Frank O'Hara (1926 - 1966) (pictured), a prominent figure in the "New York School" of poets, was known as "a poet among painters." A detailed biography may be found here:
Layers: An Analysis of "Why I Am Not a Painter" by Frank O'Hara
The reason that Frank O’Hara is a poet and not a painter may be seen by performing a close reading of his poem, “Why I Am Not a Painter.” The first stanza of the poem states that while the speaker, Mr. O’Hara, “would rather be a painter,” he is instead a poet. To illustrate his point, in the remainder of the poem, Mr. O’Hara offers an example of the difference between painters and poets in their approaches to subjects of fascination.
The second stanza introduces the poet’s friend, the painter Mike Goldberg, and some observations regarding the painter’s work in progress. During his initial visit, the poet comments that “SARDINES” feature prominently in the painting and wonders why. The painter’s enigmatic answer is, “it needed something there.” The poet returns from time to time to observe his friend’s progress and is surprised to see that the finished product no longer features “SARDINES” but only the letters of “SARDINES.” Baffled, the poet asks, “Where’s SARDINES?” The painter’s answer is again enigmatic: “It was too much,” he says.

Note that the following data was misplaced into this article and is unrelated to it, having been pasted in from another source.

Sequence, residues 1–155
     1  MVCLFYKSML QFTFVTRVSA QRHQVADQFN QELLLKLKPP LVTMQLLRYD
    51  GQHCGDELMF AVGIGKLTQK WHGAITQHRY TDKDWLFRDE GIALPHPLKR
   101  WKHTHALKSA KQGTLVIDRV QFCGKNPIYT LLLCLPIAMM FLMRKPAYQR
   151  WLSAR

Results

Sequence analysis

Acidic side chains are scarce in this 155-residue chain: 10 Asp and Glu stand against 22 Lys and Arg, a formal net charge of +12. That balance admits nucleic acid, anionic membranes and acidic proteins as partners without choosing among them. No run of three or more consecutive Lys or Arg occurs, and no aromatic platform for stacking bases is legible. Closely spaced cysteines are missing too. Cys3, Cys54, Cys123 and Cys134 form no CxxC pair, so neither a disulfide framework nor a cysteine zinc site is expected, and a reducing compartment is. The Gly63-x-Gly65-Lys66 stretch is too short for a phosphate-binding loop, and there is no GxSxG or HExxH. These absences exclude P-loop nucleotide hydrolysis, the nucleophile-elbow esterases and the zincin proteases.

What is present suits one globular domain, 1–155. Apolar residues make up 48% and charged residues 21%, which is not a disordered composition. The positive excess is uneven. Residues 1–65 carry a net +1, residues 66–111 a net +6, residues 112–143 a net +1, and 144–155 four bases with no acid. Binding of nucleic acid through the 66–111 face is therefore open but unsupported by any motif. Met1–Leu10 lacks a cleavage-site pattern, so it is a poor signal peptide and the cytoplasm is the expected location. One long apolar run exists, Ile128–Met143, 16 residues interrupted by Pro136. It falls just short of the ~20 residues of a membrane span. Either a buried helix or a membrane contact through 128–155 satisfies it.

In the third and final stanza, the poet comments on how he treats a subject of fascination, using the color orange as an example. The poet begins by writing one line on the subject. Over a period of days, he adds thoughts to this line until he has written one page and then another. As the poem progresses, the color orange evolves into a metaphor for how terrible life is. The final product is a series of twelve poems that he entitles “ORANGES.”
The final sentence of the poem, comprised of half of the penultimate line and the entire last line, drives the poet’s point home: “And one day in a gallery / I see Mike’s painting, called SARDINES.” Here the startling contrast between painter and poet is revealed. In the painting, the layers are all there, but only the final layer may be observed. Only the painter knows what lies beneath the surface. The vital steps that resulted in the final product, the artist’s process, while technically still there, cannot be studied without the use of special x-ray equipment.
In contrast (“But me?” as the third stanza begins), in “ORANGES,” the poet’s thought processes are there for every reader to see. Each layer of poetry is not palimpsest or overwritten layer upon layer. Each “layer” of text proceeds down the pages. The poem may be studied as a complete work, as a series of twelve poems, poem-by-poem, line-by-line, foot-by-foot, word-by-word, even syllable-by-syllable. This way of recording the creative impulse is essential to the poet. And so, though he may “rather be a painter,” he is not.
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